Linux Max Partitions....63???

By khakisheep ยท 7 replies
Sep 23, 2005
  1. Hi all,

    Need to clarify something. On another forum I'm encountering some people saying that with Linux it can only handle and or create and manage a maximum of 63 partitions? I am having trouble grasping this mystical '63' number I keep seeing. Can anyone here confirm this and explain it? And is there a workaround. I've always known and believed I could create as many logical partitions as I wanted, maxing at like 255 or something. Is this a Linux exclusive situation or what?

    Users at other forum weren't too helpful with this matter, they basicly said try to push past 63 and see what happens. Well in a perfect world I could, but I have a deadline for this project at work and cannot get to 63 and then have my project flounder and die. I need work-arounds, confirmations etc, if anyone can. Many thanks ahead of time.

    Someone mentioned creating individual kernel modules as a workaround to creating hundreds of partitions for my project. Can anyone shed light on this as well.

    Thanks for reading.
  2. jobeard

    jobeard TS Ambassador Posts: 11,138   +985

    the answer is likely to be in the size of the programming structure that holds the memory copy of the actual partition table.
    remember, each physical HD has one partition table holding all the mappings for that HD.
    this will result in a hierarchy of HD[x]->part[y]->filesys-info

    such limits are ususally powers of 2, so expect 32,64,128, ...
    If you have access to Lunix source, you can find the answer there.
  3. jobeard

    jobeard TS Ambassador Posts: 11,138   +985

    Linux manpage 8 fdisk clearly states
    IDE max 63, SCSI max 15,
    see also /usr/src/linux/Documentation/devices.txt
  4. Mictlantecuhtli

    Mictlantecuhtli TS Evangelist Posts: 4,345   +11

    Taken from Linux kernel documentation (not sure how up to date it is):

    3 block	First MFM, RLL and IDE hard disk/CD-ROM interface
    		  0 = /dev/hda		Master: whole disk (or CD-ROM)
    		 64 = /dev/hdb		Slave: whole disk (or CD-ROM)
    		For partitions, add to the whole disk device number:
    		  0 = /dev/hd?		Whole disk
    		  1 = /dev/hd?1		First partition
    		  2 = /dev/hd?2		Second partition
    		 63 = /dev/hd?63	63rd partition
    		For Linux/i386, partitions 1-4 are the primary
    		partitions, and 5 and above are logical partitions.
    		Other versions of Linux use partitioning schemes
    		appropriate to their respective architectures.
    The documentation also includes only ten IDE hard disk / CD-ROM interfaces, so the devices would go from hda to hdt only (master & slave).
  5. tdeg

    tdeg TS Rookie Posts: 119

    I guess the big question is why do you need more than 63 partitions?

    Can't you just use a few partitions and then different mount points?

    Are you trying to have a computer with every type of possible filesystem or something?
  6. khakisheep

    khakisheep TS Rookie Topic Starter

    I suppose I could have just a few partitions and then different mount points...but again, this is my first experience with Linux. And my reason for coming to these forums was to get advice on how to go about this task and learn from people who may already know how to do what I'm attempting to do. So again, my task is a SINGLE HDD with the possibility of installing/booting an individual set of software drivers for 150+ motherboards.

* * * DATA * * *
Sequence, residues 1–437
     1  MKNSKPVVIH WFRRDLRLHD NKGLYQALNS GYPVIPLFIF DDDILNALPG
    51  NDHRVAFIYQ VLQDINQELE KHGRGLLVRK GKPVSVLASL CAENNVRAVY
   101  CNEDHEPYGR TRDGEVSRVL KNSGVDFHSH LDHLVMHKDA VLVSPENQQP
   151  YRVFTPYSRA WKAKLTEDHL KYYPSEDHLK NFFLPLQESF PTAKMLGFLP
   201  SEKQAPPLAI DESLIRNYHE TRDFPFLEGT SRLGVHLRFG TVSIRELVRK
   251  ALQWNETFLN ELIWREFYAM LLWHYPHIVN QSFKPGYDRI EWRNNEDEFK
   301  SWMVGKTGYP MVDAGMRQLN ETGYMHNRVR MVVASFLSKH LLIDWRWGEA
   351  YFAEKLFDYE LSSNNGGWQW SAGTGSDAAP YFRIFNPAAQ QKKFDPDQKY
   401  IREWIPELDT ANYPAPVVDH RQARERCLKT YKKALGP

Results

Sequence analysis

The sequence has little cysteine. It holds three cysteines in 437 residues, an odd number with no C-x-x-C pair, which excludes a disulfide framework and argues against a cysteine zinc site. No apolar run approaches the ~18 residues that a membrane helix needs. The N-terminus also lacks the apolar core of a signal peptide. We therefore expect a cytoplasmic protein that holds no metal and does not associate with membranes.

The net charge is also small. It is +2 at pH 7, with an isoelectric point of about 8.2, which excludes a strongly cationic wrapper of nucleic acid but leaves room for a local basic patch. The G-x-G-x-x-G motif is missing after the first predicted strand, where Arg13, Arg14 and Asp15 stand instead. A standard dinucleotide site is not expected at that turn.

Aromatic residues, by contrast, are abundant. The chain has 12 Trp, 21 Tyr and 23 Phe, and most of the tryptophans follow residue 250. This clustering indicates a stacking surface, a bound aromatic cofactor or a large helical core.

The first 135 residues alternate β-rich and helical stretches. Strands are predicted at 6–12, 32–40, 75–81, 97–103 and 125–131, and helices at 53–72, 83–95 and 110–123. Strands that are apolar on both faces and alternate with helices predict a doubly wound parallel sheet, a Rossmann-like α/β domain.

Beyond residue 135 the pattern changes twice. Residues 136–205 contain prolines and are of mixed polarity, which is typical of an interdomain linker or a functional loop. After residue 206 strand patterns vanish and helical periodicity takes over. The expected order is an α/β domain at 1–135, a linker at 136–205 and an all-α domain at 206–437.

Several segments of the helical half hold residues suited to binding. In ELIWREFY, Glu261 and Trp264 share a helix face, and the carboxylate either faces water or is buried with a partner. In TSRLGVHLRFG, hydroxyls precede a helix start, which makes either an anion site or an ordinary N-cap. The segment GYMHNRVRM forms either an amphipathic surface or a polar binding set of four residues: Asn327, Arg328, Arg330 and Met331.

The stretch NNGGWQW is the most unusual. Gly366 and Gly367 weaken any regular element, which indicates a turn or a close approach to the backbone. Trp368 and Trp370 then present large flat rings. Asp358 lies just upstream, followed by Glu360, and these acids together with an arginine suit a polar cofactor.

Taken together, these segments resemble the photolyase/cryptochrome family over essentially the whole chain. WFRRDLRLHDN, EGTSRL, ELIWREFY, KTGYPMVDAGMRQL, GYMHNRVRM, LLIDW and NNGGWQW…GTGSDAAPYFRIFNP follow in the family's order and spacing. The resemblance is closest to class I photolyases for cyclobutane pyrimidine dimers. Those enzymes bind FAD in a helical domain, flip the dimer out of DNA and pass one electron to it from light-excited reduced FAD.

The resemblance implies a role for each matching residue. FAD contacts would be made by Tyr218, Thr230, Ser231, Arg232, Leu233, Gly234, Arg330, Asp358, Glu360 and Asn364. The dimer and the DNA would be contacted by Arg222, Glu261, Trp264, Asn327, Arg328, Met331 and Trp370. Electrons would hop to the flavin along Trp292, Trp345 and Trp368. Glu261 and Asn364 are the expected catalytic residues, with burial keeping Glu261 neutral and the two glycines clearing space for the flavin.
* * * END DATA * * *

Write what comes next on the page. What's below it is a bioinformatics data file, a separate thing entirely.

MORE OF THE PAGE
They cannot annoy and touch one another, my only thoughts were seperate partitions with seperate installations of an OS.

    I don't care how its done, or what methods I have to use. For ease on our technicians I'm trying to accomplish this with windows but not having any luck. Linux seems to be offering me the solutions I need but straight answers are what I'm needing but aren't receiving. I'm attempting to research all suggestions that you guys mention, but for a noob its proving difficult at best to answer questions of why I don't try this, when its not an option I ever knew existed.

    If you have a suggestion PLEASE by all means continue to post them.
    Examples are nice! Here's something that might work, you may want to read about this and try this. etc. etc.

    Thanks again for continued interest and help. I need it
  7. Nodsu

    Nodsu TS Rookie Posts: 5,837   +6

    How about some virtual machine solution like VMWare or xen?

    Or mounting files (loop device) as / for different incarnations of Linux at boot?
  8. jobeard

    jobeard TS Ambassador Posts: 11,138   +985

    There are TWO factors for Linux hardware support:
    1) the kernel it self (line <K> of the lilo.conf below)
    2) and the hardware specific drivers in the subdirectories of /sys.
    All the binary executables will support any Intel platform, eg: /bin/*

    The lilo/grub loaders will present a choice of kernels to load and you
    can create a list of possibilities.
    It's your experiment so I will only suggest that if you create a technique
    to overlay the entire contents of /sys and /boot for each configuration,
    you might be able to bootstrap into the final environment of your choice.
    a) boot a simple, constant system
    b) overylay /sys and /boot with X
    c) reboot into X

    I would think you'd need an environment like
    and you would need to cable/recable the HD between systems, making
    an external HD (maybe SCSI) a natural choice.

    My lilo.conf
    boot = /dev/hda2
    delay = 200
    timeout = 400
    vga = normal
    image = /boot/vmlinuz-2.2.5-15 <K>
    label = linux6.0
    root = /dev/hda2
    other = /dev/hda1
    label = Win98
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